The Karrar’s Battle Management System for the commander. Source:

On the right side of the turret, the commander has the Battle Management System, composed of a display with a GPS map with the position of the tank, of allied troops, and enemy positions. This is used to monitor the battlefield. The communication system is based on an unknown model of radio produced in Iran.

The Communication System of the Karrar. Source:
The smoke launcher on the right side of the turret, near the commander’s cupola. Source: iranian_militarism

The MBT is equipped with twelve smoke launchers of unknown model and caliber with six on each side . The grenade launchers are connected to a Laser Warning Receiver that spots laser beams that are pointed at the vehicle through four turret-mounted detectors offering 360° monitoring. If a laser-guided ATGM or the laser rangefinder of a tank aims their laser beams at the Karrar, the Laser Warning Receiver will automatically fire a salvo of smoke grenades to conceal the vehicle.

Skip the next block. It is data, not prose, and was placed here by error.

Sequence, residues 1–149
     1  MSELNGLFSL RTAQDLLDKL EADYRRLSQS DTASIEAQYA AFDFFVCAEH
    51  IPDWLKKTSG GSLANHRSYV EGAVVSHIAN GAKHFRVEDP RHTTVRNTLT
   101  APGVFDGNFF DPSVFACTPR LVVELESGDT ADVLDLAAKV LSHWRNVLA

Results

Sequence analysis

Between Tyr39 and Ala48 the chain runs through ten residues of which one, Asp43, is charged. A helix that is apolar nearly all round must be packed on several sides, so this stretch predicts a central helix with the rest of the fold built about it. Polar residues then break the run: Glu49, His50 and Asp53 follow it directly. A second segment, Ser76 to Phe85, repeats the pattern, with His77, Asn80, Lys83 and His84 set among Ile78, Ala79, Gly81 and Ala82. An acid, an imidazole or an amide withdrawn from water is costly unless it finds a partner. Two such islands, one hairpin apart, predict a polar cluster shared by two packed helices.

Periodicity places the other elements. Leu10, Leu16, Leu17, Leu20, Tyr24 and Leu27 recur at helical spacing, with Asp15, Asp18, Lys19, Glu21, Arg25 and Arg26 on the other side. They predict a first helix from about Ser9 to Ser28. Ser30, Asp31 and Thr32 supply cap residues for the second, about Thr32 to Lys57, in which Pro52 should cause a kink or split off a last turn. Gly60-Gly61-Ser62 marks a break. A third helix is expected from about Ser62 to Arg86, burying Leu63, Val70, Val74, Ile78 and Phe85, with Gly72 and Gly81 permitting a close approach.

One of the four Karrar Laser Warning Receiver detectors. Source: iranian_militarism

The front and the sides of the turret are equipped with reactive armor, while the back is protected by slat-armor to provide protection against RPGs.

On the back of the Karrar’s turret, there is a bustle divided into several compartments. Most likely, one is used for ammunition stowage to refill the automatic loader. This bustle is equipped with blow-out panels. In case the ammunition compartment is hit, instead of triggering a chain reaction that would destroy the tank, these panels vent the power of the explosion upwards, outside the tank, saving the crew.